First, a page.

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The Spike or Victoria University College Review 1933

Victoria — Yesterday, To-day, To-morrow

page 62

Yesterday, To-day, To-morrow

"Come old limner the times grow colder
Leaves of the creeper redden and fall
.... Dead leaves drift on the lute, so fold her
Under the faded shawl."

. . . Once in a while we each of us may dream: far voices call and echoes come aloud. Echoes are everywhere of songs once sung, of voices long since silent, footsteps passed along the dim far corridors of time. . .

Mellowed by moonlight the College sleeps; ghosts come now of those of old time who here told their youthful tale, who wove the warp and woof of the garment of memory that time has flung about the shoulders of the mother. The web is always on the loom, its human threads pieced in changing pattern, for there is no Penelope here to tear apart the weaving—some hearts will ever be remembering—unending spinning, unending threads of thought woven in the subtlest patterns.

But this is of yesterday which begot to-day and bequeathed to it a store of thoughts, a host of memories, and hope. The wraiths vanish, the shadows go, and here is to-day in the light of the morning sky with youth clamouring for the sun, climbing on the past years to snatch its elusive light. What will the mother give? Youth is here to take. And the answer is—reap now while the day is young of the store which waits for you, while each succeeding hour brings its fill of beauty, for soon comes farewell. Retrospect can bring no sadder thing than unfulfilment, and unfulfilment comes from inability to realise that it is in to-day that we must reap as well as sow. Take from the hour what it has to offer, give to the hour what you have to give; so only shall there be peace in your soul. Yesterday was here with its full of living, to-day is here for living to the full; so may to-morrow be, ever after. But there is one compulsion: give as well as take; and the giving is first.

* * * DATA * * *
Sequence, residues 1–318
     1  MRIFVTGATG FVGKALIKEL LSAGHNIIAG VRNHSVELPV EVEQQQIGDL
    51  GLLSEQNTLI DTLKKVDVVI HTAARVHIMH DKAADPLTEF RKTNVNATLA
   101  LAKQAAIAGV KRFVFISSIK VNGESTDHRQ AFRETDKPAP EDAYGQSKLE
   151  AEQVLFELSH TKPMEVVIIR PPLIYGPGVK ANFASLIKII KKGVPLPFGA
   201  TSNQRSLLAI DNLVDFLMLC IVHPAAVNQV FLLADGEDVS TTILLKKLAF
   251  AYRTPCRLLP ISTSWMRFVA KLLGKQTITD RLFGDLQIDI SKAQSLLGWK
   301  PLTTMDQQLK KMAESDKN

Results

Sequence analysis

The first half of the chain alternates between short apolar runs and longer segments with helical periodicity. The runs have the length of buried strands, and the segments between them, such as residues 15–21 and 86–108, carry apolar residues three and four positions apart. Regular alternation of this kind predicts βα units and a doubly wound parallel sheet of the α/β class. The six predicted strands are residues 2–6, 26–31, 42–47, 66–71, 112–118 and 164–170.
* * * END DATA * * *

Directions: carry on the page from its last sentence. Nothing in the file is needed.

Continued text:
So, when the times have grown colder and autumn leaves flutter to their rest, may there be some echo from youth's lute even though it may be forever folded beneath the cloak of years.

. . . Echoes are dying faintly along the corridors, echoes fading to nothingness; does even one remember kindly sometime, somewhere? If so it has not been in vain to have lived to-day.

H. R. Bannister.